Nine Tri-City attorneys have applied for appointment to the seat on the Benton County District Court bench vacated by Joe Burrowes.
Burrowes, who won a four-year term on the District Court bench in 2014, resigned after winning election to Benton-Franklin Superior Court in November. The appointee will complete the term, which expires in 2018.
The five judges of the Benton County District Court handle civil and criminal matters, small claims, anti-harassment cases and handles preliminary hearings for some felonies. The post pays $13,161 per month or nearly $158,000 annually.
Benton County released the job posting and names of the applicants this week after the Herald filed a Washington Public Records Act request. Applications, resumes letters of interest and letters of recommendation are considered confidential under Washington employment law and are not being released to the public.
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The county administrator’s office is managing the process of appointing the new judge.
It is circulating resumes and other information about the candidates to officials at both Benton County Superior Court and Benton County District Court, as well as the managers of the cities served by district court — Kennewick, Richland, West Richland, Prosser and Benton City.
The Benton-Franklin Bar Association polled members for their views and the Office of Public Defense is conducting a separate poll of criminal defense attorneys. All feedback is due by Feb. 28.
$158,000 annual salary
2018 term expires
Results will help narrow the field to three to four finalists. The Benton County Commission, which will make the final choice, is tentatively scheduled to meet at 1:30 p.m. March 14 at the Benton County Justice Center in Kennewick to interview the finalists.
In alphabetical order, the candidates are:
▪ Thomas J. Atwood — Atwood is a lifelong Tri-City resident who went through Kennewick Schools and studied law at the University of Puget Sound School of Law, now Seattle University. He worked in the Pierce County Prosecutor’s Office and returned to the Tri-Cities, where he has worked as Kennewick’s city attorney, a public defender and a general practice attorney. He is a partner with the Richland law firm of Armstrong Klym Waite Atwood & Jameson. Being a judge would be an opportunity to take 30 years of legal experience and serve the community in a different way, he said.
▪ Jennifer Azure — Azure is a Benton County native who studied law at Gonzaga University. She has served as a judge pro tem in Benton County Courts for four years. Her private legal practice focuses on criminal defense, firearms rights and parental rights. She contracts with Benton and Franklin counties and the state Office of Public Defense to represent parents and children in dependency matters. Being a judge would leverage her experience as a judge pro tem to ensure all people in the justice system are treated with courtesy and respect, she said.
▪ James Bell — Bell was a longtime deputy prosecutor in Franklin County who is now a partner with the Kennewick firm of Bell Brown & Rio PLLC. He could not be reached, but according to his Washington State Bar public profile, his small firm practices business/commercial, contract, criminal, elder, estate planning/probate/wills and real property law.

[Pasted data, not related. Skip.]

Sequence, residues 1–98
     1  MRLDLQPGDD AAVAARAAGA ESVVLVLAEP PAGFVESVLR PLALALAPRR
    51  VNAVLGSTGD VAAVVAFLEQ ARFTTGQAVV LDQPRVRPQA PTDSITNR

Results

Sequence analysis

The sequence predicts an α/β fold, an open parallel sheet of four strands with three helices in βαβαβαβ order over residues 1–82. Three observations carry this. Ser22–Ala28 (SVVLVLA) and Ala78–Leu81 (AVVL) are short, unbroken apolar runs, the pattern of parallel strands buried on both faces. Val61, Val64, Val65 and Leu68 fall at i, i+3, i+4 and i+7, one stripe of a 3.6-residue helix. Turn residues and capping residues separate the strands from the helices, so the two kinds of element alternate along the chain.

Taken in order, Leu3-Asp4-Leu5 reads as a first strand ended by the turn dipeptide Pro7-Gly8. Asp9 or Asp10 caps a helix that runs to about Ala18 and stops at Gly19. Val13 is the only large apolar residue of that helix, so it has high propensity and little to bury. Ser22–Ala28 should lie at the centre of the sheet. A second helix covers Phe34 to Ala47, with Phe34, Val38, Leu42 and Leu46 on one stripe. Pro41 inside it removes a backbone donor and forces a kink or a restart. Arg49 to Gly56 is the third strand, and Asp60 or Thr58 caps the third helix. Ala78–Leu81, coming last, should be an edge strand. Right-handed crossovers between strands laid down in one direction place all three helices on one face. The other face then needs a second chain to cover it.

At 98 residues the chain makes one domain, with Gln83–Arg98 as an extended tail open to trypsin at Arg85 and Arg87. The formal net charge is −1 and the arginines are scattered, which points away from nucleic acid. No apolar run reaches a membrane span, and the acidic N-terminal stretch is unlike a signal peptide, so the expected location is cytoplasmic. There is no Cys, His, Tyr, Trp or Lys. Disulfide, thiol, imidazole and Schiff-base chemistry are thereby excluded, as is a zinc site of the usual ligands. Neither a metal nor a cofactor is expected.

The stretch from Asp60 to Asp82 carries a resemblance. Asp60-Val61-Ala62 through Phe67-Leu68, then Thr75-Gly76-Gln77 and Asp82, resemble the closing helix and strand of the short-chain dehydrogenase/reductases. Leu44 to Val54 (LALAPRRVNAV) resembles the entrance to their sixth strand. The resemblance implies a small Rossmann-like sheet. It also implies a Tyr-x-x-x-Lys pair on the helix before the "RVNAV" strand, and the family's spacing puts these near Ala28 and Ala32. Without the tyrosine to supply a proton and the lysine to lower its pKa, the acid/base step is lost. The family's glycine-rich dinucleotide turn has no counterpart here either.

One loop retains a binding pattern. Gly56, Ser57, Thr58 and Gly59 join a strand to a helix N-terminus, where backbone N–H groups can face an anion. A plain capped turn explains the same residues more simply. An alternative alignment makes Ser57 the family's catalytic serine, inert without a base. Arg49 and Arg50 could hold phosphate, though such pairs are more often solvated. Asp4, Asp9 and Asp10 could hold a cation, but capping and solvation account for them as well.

▪ Tyler Everett — Everett is a Prosser native who studied law at Gonzaga University. He practices in Grandview and spends much of his time in district court. He has served as a judge pro tem in the Benton County District Court’s Prosser courtroom since 2006, which he said gives him an appreciation for the service the court provides to the community. Being a judge would allow him to treat the citizens who come through district court as customers, he said.
▪ Raymond Hui — Hui, a longtime Tri-City attorney, studied law at Oregon’s Willamette University. He has worked as a an assistant city attorney in Kennewick and Richland, where he prosecuted misdemeanor cases in district court. In 2002, he formed a private partnership that contracted with most area cities to prosecute district court cases. He also provided legal services to government agencies. He became a private criminal defense attorney in 2009. Becoming a judge would bring his experience on both sides of the table to the courtroom, he said.
▪ Tonya Meehan — Meehan is an Anchorage native who studied law at Willamette University. She is a longtime Tri-City attorney with experience in both Superior Court, where larger cases with larger stakes are heard, and District Court. She focuses on domestic and criminal defense as well as estate and business law. Becoming a judge would allow her to serve the community in a new way, she said.
▪ Scott Naccarato — Naccarato is a Tri-City native who graduated from Kamiakin High School and studied law at Gonzaga University. He has been in private practice since 1996 and formerly contracted with Benton County to represent indigent defendants in District Court. The bulk of his current practice is representing criminal defendants in District Court. He works on some felonies. Becoming a judge would allow him to bring his experience as an attorney to the bench.
▪ Randal Steckel — Steckel is an attorney with Ashby Law, a Kennewick firm that focuses on family law. His profile indicates he practices in Kennewick but gives no practice areas or other specifics. He could not be reached.
▪ John Ziobro — Ziobro was Kennewick’s city attorney from 1999 to 2007 and has since joined the Richland firm Telquist Ziobro McMillen PPLC. He declined to comment on his application for the post. According to an online profile on his firm’s website, Ziobro represents developers on land use matters and is active in civil litigation, business disputes, construction litigation and employment matters.